The success of a company is often down to the talent within its workforce but employing new staff can be a daunting prospect. Be confident, as we are here to help you get clued up on the process of selection techniques before you take the leap.
Selection involves two key stages: shortlisting and assessment. It follows recruitment, and refers to finding and hiring the right person for the job.
There is a whole range of different techniques to help screen and shortlist the candidate pool, with the aim of identifying the individual most suitable for the vacancy, and with the greatest potential for progression.
With this in mind, steps must be taken to treat all candidates fairly along the way and actively avoid unconscious bias or discrimination (read more about this on our blog here.) Read on for everything you need to know about selection.
Skills tests are the most reliable, objective and cost-effective selection tool to gauge a candidate’s skills — both soft and technical — as well as their ability to perform a role well.
The benefit of this method compared to others in this post, is that the results provide an objective view of a candidate’s competency to complete the job, rather than how they describe themselves (like in an interview or on their CV) or how they are described by others (as is the case with reference checks).
Examples of different talent assessments include:
- Psychometric and personality tests (based upon ability, intelligence, motivation, personality type and interests)
- General mental ability assessments
- Integrity assessments
- Technical knowledge tests
- Situational judgment tests
- Skills assessment tests
To decide which type of test is best for the role you’re hiring for, start by defining your goals and needs, then the skills you wish to evaluate, followed by the characteristics of your ideal skill assessment tool. You may wish to ask candidates to perform a job simulation exercise, such as a mock sales call, presentation or writing assessment. These can be completed in their own time from the comfort of their own homes, enabling candidates to perform and carry out the assessment comfortably.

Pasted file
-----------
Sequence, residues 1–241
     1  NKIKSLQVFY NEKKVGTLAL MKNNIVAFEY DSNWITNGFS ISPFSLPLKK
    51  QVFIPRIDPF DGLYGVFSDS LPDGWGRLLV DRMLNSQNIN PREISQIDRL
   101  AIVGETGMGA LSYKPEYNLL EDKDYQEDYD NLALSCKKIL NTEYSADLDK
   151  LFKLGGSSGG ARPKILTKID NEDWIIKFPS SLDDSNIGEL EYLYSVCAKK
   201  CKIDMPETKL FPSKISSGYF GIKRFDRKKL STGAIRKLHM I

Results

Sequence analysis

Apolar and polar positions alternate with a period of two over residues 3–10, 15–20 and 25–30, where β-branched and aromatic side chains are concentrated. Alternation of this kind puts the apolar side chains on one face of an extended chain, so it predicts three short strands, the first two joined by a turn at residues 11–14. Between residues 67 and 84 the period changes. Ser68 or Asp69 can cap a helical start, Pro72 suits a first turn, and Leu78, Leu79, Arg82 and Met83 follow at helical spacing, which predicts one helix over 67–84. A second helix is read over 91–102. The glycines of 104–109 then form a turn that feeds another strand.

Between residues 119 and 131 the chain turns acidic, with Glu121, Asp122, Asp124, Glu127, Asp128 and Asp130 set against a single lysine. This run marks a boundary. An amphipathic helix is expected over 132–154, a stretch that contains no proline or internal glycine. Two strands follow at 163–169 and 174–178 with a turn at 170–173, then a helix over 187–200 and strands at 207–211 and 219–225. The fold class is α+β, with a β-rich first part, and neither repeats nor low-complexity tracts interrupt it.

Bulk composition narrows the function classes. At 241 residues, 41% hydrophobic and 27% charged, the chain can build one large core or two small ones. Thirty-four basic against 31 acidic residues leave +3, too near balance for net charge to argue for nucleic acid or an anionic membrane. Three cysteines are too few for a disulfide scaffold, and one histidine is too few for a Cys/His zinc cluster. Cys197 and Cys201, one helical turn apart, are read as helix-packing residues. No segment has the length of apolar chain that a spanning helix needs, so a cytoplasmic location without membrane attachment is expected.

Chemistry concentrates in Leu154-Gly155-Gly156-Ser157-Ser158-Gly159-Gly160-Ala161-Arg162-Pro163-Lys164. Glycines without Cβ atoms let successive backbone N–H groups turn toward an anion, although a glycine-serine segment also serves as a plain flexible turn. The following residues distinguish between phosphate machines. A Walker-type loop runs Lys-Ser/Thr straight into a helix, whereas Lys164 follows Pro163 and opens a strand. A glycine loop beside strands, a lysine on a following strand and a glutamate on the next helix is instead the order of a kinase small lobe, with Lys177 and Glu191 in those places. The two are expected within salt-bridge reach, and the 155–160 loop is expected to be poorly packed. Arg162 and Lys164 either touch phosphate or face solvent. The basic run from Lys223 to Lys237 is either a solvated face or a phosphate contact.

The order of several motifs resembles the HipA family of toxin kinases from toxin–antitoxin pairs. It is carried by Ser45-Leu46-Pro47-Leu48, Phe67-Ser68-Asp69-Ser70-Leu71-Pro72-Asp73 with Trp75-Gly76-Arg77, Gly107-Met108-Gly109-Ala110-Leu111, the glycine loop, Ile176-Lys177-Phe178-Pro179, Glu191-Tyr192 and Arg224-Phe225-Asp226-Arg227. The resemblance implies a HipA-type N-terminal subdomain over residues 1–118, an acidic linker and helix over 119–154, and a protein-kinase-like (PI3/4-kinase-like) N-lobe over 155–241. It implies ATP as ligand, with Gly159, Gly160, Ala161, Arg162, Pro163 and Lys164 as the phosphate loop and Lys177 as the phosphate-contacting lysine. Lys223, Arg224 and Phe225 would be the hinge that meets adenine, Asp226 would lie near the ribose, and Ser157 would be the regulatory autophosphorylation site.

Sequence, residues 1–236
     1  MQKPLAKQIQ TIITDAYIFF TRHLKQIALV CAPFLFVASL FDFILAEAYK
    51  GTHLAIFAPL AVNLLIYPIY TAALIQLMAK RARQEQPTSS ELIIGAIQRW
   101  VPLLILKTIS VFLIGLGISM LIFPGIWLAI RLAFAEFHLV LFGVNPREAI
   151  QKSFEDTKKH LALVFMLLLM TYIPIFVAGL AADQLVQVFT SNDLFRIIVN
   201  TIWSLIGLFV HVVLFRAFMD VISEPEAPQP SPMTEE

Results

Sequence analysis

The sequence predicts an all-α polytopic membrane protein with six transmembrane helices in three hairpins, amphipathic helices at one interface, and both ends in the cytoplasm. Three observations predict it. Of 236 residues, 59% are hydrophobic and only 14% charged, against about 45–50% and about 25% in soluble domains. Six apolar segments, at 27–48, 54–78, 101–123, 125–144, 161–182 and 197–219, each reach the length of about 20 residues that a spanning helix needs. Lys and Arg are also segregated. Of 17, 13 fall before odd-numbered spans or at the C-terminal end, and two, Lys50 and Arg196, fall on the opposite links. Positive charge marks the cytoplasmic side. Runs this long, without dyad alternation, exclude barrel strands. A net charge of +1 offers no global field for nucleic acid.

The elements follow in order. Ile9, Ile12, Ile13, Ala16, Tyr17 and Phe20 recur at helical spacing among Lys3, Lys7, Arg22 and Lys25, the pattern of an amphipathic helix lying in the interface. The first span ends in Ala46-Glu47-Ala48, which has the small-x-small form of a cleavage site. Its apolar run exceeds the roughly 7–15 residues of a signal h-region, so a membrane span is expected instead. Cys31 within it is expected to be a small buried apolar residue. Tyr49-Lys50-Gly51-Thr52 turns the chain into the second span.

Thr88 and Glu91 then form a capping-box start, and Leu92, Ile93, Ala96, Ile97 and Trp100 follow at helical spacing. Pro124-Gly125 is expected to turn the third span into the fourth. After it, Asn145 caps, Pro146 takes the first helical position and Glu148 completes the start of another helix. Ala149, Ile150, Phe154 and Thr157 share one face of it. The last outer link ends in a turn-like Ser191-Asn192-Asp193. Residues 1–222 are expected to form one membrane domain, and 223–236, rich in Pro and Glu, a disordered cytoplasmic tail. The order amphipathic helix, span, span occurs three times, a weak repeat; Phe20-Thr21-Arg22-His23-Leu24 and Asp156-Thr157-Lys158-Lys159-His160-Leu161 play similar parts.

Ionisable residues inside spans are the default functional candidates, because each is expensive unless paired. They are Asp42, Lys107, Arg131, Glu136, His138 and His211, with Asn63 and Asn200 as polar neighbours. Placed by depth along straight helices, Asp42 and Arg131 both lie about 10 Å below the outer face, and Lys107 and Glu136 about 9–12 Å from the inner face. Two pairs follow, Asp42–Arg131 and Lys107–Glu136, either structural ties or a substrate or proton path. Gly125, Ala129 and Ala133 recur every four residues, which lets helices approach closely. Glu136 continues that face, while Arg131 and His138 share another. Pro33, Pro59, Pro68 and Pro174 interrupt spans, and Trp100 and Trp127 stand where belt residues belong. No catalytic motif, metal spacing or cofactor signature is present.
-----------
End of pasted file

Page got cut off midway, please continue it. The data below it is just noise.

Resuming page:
Structured interviews are another effective method of selection. Start by curating a list of questions related to the job description, and the experience or skills a candidate will need to be successful. Those appointed to conduct the interview, for example a line or HR manager, should ideally be trained in how to ask appropriate questions and will score the candidate on how they answer each set.
Think about whether it should be an individual or group interview and whether it will be held in person (at your premises for example) or virtually via video call. The benefits of a virtual interview rather than face-to-face, ensures it is COVID-secure, it is more accessible for the interviewee, therefore helping them to feel more comfortable, and it is also more time and cost-effective.
Tools to assess culture fit
As well as finding a candidate whose background matches the job requirements, it is also important to know if they are a culture fit for your business. Start by assessing what your culture is like. Conduct an audit with current staff members, to gather their thoughts on day-to-day life, processes and their experiences within your working environment. Ask them questions such as: ‘how do you feel we communicate here?’ or ‘what is our meeting style like? Is it light-hearted or serious?’
Also, think carefully about the different types of people who have been particularly successful within their roles, and the personality traits they possessed. This will help you identify if there any common themes. Once you better understand your business culture, it will be easier to select someone whose character aligns with it.
Be certain about what you are looking for in a candidate beyond just the job description – do they need to be a team player or effective communicators? What sort of mindset are you looking for? Should candidates be able to perform well within a fast-paced environment?
Utilise selection techniques as an opportunity to find out more about a potential candidate’s personality and work style, to see how they will fit within the rest of your team. If you are hiring for a member of senior management, what is the ideal leadership style you seek? Someone who will maintain the status quo, or someone who will mix things up?
Submit an enquiry via our online form today to find out how we can help your business, or call 07771642182 to book a 30 minute consultation with Karen directly.
Visit the GOV website for more employment advice.